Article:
The Graceful Way to Handle Uncertainty and ChallengesNone By Homaira Kabir
There's a way of viewing the world that’s black and white. And then there's a way that sees the world in all its brilliant colors.
We're wired for both. But the former is far quicker because it's been around much longer. It seeks out what’s bright and pleasurable. And it runs a mile from uncertainty and challenges because it can’t tolerate the pain of not knowing.
This wiring doesn’t always serve us well. The unknown is home to mystery. Pain introduces us to undiscovered strengths. And our challenges teach us more about life than many glorious moments combined. In their darkness, we make sense of our lives and expand our mental frameworks to hold on to more than one perspective at a time. From the deep chasm, we emerge transformed—even if not victorious, as a more hopeful, resilient, and adaptable self.
And yet we live in a world that anesthetizes pain and values certainty and rationality. We’re rewarded for successes, taught to revere outcomes, and seduced by the promise of little extras everywhere we turn.
The ability to stay open through pain, confusion, challenges, and uncertainty without succumbing to the urge to escape is an art that’s being lost on us.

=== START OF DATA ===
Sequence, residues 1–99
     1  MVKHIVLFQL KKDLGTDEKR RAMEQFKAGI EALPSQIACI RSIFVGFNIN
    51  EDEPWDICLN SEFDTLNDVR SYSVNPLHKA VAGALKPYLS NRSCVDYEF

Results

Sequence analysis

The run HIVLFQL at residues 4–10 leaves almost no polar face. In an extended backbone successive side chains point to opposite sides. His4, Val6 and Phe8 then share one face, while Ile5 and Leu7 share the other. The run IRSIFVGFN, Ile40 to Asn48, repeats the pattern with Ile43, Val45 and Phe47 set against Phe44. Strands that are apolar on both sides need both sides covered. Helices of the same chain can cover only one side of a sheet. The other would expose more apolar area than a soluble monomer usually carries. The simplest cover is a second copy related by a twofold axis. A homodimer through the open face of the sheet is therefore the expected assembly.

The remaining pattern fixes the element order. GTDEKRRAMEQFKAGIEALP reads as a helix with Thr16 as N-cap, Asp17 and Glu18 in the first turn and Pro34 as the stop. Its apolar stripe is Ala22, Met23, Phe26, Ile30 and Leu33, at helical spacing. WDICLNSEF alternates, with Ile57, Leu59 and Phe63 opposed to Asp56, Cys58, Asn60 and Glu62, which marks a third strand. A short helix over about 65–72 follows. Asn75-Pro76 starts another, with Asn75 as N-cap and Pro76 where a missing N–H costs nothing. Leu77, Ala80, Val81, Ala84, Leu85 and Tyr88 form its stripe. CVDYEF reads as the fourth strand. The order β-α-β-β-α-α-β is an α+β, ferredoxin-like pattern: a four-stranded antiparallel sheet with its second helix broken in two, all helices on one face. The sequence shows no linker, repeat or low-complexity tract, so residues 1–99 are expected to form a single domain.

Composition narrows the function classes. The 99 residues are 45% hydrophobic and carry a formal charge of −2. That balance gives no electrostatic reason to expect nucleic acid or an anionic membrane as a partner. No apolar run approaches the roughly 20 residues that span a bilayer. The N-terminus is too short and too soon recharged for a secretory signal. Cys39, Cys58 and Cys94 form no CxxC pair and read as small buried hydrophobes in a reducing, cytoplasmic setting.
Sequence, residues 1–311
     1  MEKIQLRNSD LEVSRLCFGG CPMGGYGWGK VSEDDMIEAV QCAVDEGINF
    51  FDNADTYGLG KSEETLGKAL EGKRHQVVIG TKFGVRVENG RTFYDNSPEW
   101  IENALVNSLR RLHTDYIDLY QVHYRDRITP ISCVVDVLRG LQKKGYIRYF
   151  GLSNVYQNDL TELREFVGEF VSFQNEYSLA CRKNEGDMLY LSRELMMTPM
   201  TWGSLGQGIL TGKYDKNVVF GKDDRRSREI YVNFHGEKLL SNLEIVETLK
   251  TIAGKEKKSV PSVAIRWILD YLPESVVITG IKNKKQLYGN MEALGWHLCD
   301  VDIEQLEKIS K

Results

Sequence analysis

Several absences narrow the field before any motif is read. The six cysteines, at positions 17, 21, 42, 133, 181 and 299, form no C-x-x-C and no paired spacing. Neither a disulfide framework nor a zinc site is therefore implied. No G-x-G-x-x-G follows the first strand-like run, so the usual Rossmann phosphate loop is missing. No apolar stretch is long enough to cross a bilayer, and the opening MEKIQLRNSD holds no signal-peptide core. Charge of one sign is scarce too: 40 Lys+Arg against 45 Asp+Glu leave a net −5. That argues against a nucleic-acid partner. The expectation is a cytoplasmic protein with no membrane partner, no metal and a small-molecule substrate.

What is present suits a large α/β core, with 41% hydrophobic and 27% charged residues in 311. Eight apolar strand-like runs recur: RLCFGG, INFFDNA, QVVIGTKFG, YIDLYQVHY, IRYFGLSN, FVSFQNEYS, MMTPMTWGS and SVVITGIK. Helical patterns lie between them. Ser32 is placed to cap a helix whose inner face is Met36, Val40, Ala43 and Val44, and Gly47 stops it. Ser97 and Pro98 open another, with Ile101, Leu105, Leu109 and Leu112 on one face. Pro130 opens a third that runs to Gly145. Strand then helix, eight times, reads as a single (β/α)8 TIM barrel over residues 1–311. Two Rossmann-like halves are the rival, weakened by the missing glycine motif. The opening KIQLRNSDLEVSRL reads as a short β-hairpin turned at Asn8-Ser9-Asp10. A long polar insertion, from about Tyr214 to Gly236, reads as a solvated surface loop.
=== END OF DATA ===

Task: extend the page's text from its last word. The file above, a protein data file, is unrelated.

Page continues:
I’ve found that cultivating grace—a quality that neuropsychologist Rick Hanson calls “equanimity”—is what allows us to do so. Unlike calm, which results from the activation of the parasympathetic nervous system, equanimity is a spaciousness where we gracefully hold space for the fear centers of the amygdala, while staying grounded in the farsighted wisdom of the higher cortex. And it’s in this space that magic begins to happen.
The next time things don’t go your way, take these 5 steps to help you gracefully forge your way forward.
Know Your Ideal Version
Many of us scramble for control when life catches us off guard. Sometimes we react in ways that don’t make us proud, and sometimes we try to control what’s best left alone. What’s more, we turn away from the possibilities that may have unfolded had we sat through the momentary upheaval. Have clarity of what your ideal version looks like, and you’ll find it easier to respond with emotional agility rather than fall prey to an emotional hijack.
Shorten Your Recovery Time
Golfer Jack Nicklaus coined the phrase "playing badly well" when talking about getting out of a bad shot without ending up with a double or triple bogie. Golfers or not, we all hit bad shots when we impulsively